The research of the remarkable Dr. Vincent Felitti gave science the breakthrough it needed in discovering the deep-rooted causes of depression. Dr. Felitti, after a series of investigations he conducted to study the link between obesity and depression gave mind-blowing results, decided to launch a massive research program, funded by Centers For Disease Control And Prevention. In this research, he wanted to discover how the different kinds of possible childhood trauma affect us as adults.
The results of the research seemed unbelievable. It became apparent that childhood trauma caused the risks of developing adult depression to skyrocket. People who had experienced a traumatic childhood event were 3,100 percent more likely to attempt suicide as adults, and more than 4,000 percent had a greater tendency to be injecting drug users.
The next question to ask was, “Why do so many people who experience childhood violence feel the same way?” One very good explanation is down to how we handled these traumatic experiences as children. Many children simply admit that they’re powerless against such violence and just let themselves be abused, while others blame themselves for their experiences. Not being able to be open about these experiences, these children grow up with emotional scars that are kept locked deep down behind the red doors of their minds, and they grow up trying to act normal and fit in.
With these results, one could conclude that depression and anxiety are not results of something spontaneously being wrong with the functioning of your brain. Depression and anxiety disorders are mostly caused by past traumatic events in our lives and how these events affect us in adulthood. If you find work stressful and meaningless, and you’re powerless to do anything about it, it triggers an emotional response of depression. If you can’t rely on friends and family for support during lonely times, you’re more likely to be depressed. If you feel insecure about your future, you’re more likely to be depressed. If you think life is more about acquiring wealth and climbing the success ladder, you’re also likely to be depressed. There are so many ways in which childhood traumatic experiences have managed to escape from the ‘red door’ where you once locked them into our everyday lives as adults.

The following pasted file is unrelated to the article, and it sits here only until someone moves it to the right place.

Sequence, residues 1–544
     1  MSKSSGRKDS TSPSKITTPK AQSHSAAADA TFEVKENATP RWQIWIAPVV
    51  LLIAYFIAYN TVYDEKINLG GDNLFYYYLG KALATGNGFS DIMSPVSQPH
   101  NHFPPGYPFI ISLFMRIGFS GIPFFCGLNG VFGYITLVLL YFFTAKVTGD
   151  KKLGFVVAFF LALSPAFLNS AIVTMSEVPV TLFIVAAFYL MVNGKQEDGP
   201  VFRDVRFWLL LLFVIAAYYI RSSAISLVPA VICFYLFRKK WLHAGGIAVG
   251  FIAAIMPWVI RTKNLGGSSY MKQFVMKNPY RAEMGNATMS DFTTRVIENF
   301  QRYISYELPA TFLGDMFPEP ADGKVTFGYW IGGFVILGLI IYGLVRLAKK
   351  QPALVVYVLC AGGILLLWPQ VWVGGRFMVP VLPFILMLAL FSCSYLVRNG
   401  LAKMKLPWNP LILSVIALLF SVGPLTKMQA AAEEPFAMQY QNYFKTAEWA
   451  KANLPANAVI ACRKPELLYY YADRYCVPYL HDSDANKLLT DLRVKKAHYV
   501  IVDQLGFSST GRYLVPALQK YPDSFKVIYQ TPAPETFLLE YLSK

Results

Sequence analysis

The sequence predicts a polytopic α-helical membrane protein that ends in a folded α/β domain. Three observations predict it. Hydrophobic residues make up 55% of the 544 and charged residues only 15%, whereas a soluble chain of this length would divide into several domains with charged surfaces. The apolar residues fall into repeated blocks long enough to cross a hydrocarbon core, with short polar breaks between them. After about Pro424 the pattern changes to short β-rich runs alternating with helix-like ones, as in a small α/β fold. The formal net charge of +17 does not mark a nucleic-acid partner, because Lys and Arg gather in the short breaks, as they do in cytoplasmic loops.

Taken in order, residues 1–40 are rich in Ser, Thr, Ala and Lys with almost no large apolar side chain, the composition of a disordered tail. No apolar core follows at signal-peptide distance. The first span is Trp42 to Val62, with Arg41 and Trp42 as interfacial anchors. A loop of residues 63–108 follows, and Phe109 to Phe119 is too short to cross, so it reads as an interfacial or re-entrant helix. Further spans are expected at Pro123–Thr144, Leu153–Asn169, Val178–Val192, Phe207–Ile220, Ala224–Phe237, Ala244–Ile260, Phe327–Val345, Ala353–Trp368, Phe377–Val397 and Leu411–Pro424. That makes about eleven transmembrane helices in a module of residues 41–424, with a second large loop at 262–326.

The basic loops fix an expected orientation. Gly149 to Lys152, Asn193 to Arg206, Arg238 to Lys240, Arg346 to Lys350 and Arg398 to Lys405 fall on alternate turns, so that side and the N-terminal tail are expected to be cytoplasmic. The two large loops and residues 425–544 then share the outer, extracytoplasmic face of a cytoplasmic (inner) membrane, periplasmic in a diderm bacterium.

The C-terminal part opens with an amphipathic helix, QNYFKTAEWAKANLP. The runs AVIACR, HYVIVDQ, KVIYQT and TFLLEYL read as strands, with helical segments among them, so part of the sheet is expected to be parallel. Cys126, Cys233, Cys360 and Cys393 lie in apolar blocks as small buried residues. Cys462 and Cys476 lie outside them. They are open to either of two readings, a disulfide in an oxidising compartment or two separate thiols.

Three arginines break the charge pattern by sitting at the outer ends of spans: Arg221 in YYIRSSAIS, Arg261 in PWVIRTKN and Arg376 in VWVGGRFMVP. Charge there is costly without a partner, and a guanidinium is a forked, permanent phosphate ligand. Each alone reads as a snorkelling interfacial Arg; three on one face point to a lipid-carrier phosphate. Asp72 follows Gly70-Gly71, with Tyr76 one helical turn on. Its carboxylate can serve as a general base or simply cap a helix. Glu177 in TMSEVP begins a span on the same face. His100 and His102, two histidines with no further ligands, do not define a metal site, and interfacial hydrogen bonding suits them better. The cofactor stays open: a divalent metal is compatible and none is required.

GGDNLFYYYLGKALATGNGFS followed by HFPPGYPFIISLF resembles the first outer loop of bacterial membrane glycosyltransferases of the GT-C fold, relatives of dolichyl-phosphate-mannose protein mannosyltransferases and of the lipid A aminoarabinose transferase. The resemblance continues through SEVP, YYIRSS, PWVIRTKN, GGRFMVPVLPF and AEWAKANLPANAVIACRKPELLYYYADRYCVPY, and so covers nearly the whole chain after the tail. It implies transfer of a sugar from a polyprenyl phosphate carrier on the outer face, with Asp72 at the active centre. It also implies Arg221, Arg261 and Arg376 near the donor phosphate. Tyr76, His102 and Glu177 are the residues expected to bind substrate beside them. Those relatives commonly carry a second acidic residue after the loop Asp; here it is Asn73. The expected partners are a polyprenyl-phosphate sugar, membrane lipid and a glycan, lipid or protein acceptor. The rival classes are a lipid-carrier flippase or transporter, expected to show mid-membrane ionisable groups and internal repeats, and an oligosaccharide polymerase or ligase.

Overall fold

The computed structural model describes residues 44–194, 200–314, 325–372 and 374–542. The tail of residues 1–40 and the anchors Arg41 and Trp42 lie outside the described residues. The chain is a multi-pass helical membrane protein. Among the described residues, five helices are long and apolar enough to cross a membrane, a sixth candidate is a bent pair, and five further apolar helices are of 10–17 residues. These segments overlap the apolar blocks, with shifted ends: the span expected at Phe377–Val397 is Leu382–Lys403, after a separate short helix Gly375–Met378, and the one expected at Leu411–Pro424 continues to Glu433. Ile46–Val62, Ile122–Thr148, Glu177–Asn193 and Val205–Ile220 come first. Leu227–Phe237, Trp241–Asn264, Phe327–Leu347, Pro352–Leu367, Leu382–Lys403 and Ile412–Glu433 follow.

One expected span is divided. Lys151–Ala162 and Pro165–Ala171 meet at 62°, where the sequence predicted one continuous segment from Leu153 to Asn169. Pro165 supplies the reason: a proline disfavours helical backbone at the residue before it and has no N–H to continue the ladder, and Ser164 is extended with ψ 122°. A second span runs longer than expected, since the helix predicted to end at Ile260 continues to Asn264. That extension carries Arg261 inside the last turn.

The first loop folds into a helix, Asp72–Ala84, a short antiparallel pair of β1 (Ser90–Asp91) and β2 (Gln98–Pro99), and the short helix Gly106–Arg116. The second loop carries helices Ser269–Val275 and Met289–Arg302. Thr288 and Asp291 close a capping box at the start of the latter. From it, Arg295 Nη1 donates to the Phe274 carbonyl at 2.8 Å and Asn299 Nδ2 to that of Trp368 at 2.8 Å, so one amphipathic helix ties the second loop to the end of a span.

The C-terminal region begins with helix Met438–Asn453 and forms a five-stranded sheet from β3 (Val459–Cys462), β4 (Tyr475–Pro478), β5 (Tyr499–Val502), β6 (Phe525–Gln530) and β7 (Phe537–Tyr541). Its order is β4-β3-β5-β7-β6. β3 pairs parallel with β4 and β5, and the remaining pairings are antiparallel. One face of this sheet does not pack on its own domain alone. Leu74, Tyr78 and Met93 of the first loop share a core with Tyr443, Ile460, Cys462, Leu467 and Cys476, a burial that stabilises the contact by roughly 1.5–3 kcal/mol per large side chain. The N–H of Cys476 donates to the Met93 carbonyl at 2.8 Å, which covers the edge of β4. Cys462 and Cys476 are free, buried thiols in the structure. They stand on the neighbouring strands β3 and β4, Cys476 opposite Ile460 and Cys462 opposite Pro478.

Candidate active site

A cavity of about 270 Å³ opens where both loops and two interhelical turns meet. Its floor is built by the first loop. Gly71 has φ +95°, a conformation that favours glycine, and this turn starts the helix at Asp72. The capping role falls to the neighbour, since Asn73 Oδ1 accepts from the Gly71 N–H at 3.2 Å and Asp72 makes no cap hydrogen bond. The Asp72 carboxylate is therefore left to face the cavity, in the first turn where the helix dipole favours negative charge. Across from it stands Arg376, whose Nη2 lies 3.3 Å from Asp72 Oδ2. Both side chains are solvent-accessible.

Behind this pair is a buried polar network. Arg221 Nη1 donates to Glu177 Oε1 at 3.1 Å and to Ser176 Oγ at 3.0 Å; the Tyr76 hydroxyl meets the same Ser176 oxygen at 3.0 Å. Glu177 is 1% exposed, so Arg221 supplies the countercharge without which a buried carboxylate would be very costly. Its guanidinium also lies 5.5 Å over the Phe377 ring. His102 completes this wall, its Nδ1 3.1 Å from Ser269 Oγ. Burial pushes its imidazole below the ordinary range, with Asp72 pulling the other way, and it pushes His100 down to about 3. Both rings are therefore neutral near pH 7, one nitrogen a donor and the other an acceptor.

What the media and most medical practitioners get wrong is that they don’t tackle the underlying cause of depression. Depressed patients who were able to talk about their childhood experiences through therapy were able to release some of the shame and guilt they’ve held on to for so long— a kind of healing process. This singular act coupled with drug treatment caused a never before seen fall in depression and a reduction in future mental illnesses.
When next you see a family or friend that’s silently depressed, start asking ‘what happened to them’ and help them heal, rather than allowing them to drown their pains and depression with drugs, coupled with the wrong believe that something is especially wrong with their brains.
If you or your loved one always feel sad, depressed and demotivated, and you’re not sure if that’s a sign of depressive disorder in play, it’s best to get a professional assessment, and that’s where we come in. We have professionals who can help you with an expert evaluation of your mental health, and we handle our cases with a high degree of privacy and confidentiality. We’re renowned for helping people suffering from chronic depression and anxiety disorders overcome the overwhelming feelings that come with it. It all starts with taking that bold step to talk with us, so contact us today.